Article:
Like the MGB, the late-1970s Spitfire suffered from spotty British Leyland build quality and electrical components made by the Prince of Darkness. Unlike the MGB, the Spitfire had an independent rear suspension, albeit of the swingaxle type that made driving the early Beetle so exciting.
The Spitfire also weighed a good 500 pounds less than the MGB, scaling in at a mere 1,828 pounds in 1978 (for comparison, the diminutive Smart ForTwo weighs more than 2,000 pounds). That light weight was a good thing, because this 1.5-liter engine made just 52 horsepower.
While the Spitfire struggled to outrun bakery trucks and grandmotherly Rambler Americans in a straight line, its superb handling made it lots of fun in the corners. Believe it or not, plenty of Americans used these cars as daily drivers.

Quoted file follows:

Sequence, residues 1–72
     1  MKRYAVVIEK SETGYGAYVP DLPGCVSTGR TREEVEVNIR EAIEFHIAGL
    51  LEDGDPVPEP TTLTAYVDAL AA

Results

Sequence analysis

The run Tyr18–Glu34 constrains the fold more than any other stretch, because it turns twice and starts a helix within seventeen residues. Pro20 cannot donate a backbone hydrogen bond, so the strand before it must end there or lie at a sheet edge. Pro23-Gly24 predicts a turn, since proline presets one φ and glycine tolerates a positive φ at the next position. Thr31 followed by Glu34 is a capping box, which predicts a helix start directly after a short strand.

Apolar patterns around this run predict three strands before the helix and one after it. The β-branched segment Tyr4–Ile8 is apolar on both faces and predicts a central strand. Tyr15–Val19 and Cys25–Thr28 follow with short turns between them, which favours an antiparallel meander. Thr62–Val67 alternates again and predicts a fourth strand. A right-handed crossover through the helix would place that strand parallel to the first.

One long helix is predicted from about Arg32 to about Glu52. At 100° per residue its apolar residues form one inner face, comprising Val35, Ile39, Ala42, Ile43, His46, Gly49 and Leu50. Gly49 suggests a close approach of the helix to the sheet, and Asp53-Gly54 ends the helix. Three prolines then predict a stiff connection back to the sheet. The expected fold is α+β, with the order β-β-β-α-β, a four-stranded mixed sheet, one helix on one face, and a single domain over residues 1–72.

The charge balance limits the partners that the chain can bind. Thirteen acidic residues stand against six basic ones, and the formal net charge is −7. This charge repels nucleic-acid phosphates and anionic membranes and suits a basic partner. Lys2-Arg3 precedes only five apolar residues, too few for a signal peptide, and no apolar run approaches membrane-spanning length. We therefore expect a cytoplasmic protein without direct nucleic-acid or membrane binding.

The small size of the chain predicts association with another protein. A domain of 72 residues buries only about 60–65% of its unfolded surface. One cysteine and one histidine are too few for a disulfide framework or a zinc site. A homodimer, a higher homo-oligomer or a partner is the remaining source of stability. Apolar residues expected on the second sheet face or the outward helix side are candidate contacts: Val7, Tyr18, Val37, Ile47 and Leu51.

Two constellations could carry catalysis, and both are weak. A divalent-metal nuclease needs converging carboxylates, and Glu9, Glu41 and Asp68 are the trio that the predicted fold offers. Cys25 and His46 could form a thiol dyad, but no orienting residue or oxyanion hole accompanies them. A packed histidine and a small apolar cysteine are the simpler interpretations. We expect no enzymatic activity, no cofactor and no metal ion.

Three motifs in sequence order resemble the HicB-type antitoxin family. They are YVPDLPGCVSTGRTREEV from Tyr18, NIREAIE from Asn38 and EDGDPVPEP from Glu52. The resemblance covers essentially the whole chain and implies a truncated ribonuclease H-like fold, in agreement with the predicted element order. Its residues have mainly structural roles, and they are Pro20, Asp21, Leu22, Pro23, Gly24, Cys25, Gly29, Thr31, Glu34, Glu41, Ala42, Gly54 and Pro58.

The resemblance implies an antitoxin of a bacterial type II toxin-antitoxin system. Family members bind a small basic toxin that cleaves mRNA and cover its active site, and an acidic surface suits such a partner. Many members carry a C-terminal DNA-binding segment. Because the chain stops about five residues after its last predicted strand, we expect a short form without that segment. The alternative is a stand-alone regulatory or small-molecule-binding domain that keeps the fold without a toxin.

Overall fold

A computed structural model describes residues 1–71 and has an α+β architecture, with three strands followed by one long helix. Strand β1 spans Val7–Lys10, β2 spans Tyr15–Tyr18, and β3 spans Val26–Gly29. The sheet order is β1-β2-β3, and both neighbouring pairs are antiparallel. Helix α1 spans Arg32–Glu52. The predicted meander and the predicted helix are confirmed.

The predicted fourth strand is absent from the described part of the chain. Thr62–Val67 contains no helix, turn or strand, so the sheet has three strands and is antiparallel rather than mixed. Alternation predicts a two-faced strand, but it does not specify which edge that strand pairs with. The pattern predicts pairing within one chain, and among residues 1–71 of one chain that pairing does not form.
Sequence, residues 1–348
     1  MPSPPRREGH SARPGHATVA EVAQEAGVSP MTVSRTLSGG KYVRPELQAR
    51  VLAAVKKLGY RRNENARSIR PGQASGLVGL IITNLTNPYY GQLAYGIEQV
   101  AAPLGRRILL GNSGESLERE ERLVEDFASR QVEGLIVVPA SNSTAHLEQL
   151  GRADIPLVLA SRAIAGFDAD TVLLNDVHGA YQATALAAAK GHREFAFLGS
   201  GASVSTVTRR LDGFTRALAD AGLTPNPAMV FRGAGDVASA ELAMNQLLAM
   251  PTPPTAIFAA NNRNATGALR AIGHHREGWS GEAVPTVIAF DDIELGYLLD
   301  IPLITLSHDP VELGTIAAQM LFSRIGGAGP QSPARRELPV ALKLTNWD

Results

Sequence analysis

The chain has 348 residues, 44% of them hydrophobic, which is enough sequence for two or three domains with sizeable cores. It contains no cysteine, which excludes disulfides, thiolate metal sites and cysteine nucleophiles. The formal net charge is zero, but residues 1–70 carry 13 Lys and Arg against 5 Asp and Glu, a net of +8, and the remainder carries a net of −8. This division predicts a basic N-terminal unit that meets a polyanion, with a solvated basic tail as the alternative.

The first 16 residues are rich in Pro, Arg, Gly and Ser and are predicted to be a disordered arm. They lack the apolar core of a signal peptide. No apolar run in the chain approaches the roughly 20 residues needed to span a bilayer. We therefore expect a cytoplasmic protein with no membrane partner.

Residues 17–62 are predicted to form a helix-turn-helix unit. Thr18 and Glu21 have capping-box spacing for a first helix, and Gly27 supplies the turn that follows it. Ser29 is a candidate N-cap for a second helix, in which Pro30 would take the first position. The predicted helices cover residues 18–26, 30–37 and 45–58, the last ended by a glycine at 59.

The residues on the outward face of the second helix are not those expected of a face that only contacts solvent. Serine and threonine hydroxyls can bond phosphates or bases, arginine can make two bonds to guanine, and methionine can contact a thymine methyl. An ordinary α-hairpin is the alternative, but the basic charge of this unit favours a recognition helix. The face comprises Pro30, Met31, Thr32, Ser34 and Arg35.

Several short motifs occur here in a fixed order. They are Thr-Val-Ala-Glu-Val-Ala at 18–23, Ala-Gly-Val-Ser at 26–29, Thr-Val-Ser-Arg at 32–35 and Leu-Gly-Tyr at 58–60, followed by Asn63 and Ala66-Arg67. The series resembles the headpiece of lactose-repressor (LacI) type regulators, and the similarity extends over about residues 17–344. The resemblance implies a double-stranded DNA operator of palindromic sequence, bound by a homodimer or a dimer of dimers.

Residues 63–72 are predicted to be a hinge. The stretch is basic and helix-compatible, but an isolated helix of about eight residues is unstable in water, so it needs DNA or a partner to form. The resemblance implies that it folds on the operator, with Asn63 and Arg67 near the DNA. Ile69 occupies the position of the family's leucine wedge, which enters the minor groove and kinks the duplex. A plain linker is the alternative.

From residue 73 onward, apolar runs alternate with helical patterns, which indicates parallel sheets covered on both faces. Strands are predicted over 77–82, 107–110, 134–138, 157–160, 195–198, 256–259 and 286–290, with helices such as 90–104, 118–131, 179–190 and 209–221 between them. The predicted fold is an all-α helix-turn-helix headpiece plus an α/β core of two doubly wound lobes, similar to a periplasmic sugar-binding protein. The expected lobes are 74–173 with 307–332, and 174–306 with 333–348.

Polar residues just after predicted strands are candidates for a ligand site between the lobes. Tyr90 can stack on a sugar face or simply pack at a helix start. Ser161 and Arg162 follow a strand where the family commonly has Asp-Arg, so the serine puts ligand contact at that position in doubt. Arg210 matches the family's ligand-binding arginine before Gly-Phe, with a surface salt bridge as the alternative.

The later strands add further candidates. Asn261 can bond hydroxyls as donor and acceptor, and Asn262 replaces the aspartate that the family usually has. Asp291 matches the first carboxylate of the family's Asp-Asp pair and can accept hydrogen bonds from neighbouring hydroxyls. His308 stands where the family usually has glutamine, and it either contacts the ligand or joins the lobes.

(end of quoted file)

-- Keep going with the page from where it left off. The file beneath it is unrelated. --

This one is pretty rough, but it's not rusty and the temporary license plates from two years ago show that someone had ideas of getting it back on the street in the recent past.
Many usable parts remain, which should yield a bonanza to other Spitfire owners in eastern Colorado.
Because I like to bring old film cameras to the junkyard, I shot this Triumph with a 1945 AGFA Speedex Junior.
"Forty bandits approaching ten. Good show!"